Lone survivor, doctor Robert Neville, struggles to create a cure for the plague that wiped out most of the human race while fighting The Family, a savage luddite death cult formed by the zombie-like infected to erase the past.
An amusement park for rich vacationers, it provides its customers a way to live out their fantasies through the use of robots that provide anything they want. Two of the vacationers choose a wild west adventure. However, after a computer breakdown, they find that they are now being stalked by a rogue robot gunslinger.Written by
K. Rose <email@example.com>
Amongst the names originally mooted to play the two human leads were James Caan, Lee Majors, Elliott Gould, Jon Voight and James Franciscus. However these all proved to be either unavailable during the filming dates or too expensive to hire. The then 42 year old William Shatner (Captain Kirk from the Star Trek series) was also seriously contemplated by the studio but the producers struggled with ideas as to who to cast alongside him. They eventually decided to cast two younger relative unknowns so as to make sure Yul Brynner remained the star name in the film. Coincidentally, Star Trek creator Gene Roddenberry's wife Majel Barrett appears in this film. See more »
Robot Gunslinger's clothes are unaffected after being splashed with concentrated sulfuric acid. See more »
Interviewer of Delos Guests:
[hosting a commercial]
Hi. Ed Renfrew for Delos again. If there's anyone who doesn't know what Delos is, well, as we've always said: Delos is the vacation of the future, today. At Delos, you get your choice of the vacation you want. There's Medieval World, Roman World and, of course, Westworld. Let's talk to some of the people who've been there.
See more »
Early prints contain a scene in Medeval world where a guest is tortured on a rack. That scene was deleted from television and video. See more »
Michael Crichton wrote and directed this precursor to "Jurassic Park" that, while showing some of it's age, is still effective and was undeniably influential. The story concerns a unique and expensive vacation resort called Delos in which customers can choose from one of three "worlds"--Roman World, Medieval World or Western World (as it is referred to in the film.) Here, customers can indulge their fantasies of conquest (violent or sexual) among a host of ultra-realistic robots who are programmed to promote the experience while not allowing the participants to become hurt. Benjamin stars as a newcomer to the place with his buddy Brolin along for his second visit. Brolin shows Benjamin the ropes at Western World (how to shoot villains, seduce dance hall girls, etc...) One of the bad guys they encounter is icy Brynner who they dispose of more than once. Eventually, things start to come unglued as the men note that things aren't working as properly as expected and promised. The controllers of the park are unable to prevent the robots from hurting or even killing the guests! The film begins with that once-cutting-edge, but now amusing, sense of high-tech awe as the guys enter the park. Benjamin is an acquired taste and borders on annoying for much of the film. More at ease is Brolin who doesn't have a great deal to do. The most striking performance is that of Brynner. He has almost nothing to say, but he doesn't need to talk. His steely stare and mechanical gait wind up being quite relentless and terrifying. The highlight of the film is his non-stop pursuit of Benjamin. ("The Terminator" owes a lot to this section of the film.) There are several other supporting roles, but, aside from Van Patten, the actors create little interest in their exploits. "Star Trek" fans will note the presence of Barrett as a robot madame. There were rumors of a remake with Arnold Schwarzegger, but Arnie's already done the indestructible robot thing and no one's going to outglare Brynner. His bid as Governor seems to have quashed these plans anyway.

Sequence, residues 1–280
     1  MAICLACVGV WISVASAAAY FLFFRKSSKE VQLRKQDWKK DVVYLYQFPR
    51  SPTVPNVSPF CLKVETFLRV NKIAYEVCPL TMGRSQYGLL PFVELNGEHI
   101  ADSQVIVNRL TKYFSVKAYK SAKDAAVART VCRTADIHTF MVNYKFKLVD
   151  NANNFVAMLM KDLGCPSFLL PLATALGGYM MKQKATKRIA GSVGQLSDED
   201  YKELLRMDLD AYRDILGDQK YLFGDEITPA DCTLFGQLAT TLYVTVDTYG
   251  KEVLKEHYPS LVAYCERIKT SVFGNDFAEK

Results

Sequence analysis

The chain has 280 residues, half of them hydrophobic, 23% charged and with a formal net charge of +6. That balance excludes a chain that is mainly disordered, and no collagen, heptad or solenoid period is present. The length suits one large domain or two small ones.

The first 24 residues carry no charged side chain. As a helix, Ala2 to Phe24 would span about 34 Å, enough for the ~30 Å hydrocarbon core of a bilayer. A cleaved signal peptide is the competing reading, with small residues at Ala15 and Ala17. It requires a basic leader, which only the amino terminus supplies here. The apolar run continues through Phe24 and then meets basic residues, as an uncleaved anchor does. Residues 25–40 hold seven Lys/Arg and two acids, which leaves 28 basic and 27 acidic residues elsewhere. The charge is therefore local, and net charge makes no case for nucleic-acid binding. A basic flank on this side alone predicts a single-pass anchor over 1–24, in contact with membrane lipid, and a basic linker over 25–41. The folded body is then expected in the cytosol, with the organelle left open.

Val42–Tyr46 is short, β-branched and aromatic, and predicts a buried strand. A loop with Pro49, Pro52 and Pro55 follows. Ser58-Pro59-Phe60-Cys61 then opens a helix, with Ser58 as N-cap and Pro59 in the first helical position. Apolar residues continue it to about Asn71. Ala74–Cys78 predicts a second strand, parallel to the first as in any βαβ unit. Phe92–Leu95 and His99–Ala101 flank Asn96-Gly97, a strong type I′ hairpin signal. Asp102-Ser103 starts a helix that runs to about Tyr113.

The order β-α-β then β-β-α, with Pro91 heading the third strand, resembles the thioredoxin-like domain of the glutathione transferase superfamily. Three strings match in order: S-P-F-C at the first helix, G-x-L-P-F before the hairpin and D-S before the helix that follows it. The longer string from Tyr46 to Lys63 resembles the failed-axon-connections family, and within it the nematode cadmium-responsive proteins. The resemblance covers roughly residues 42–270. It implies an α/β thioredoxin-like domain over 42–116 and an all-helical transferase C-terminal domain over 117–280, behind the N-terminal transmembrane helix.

43 of 52 people found this review helpful.
Was this review helpful to you?
| Report this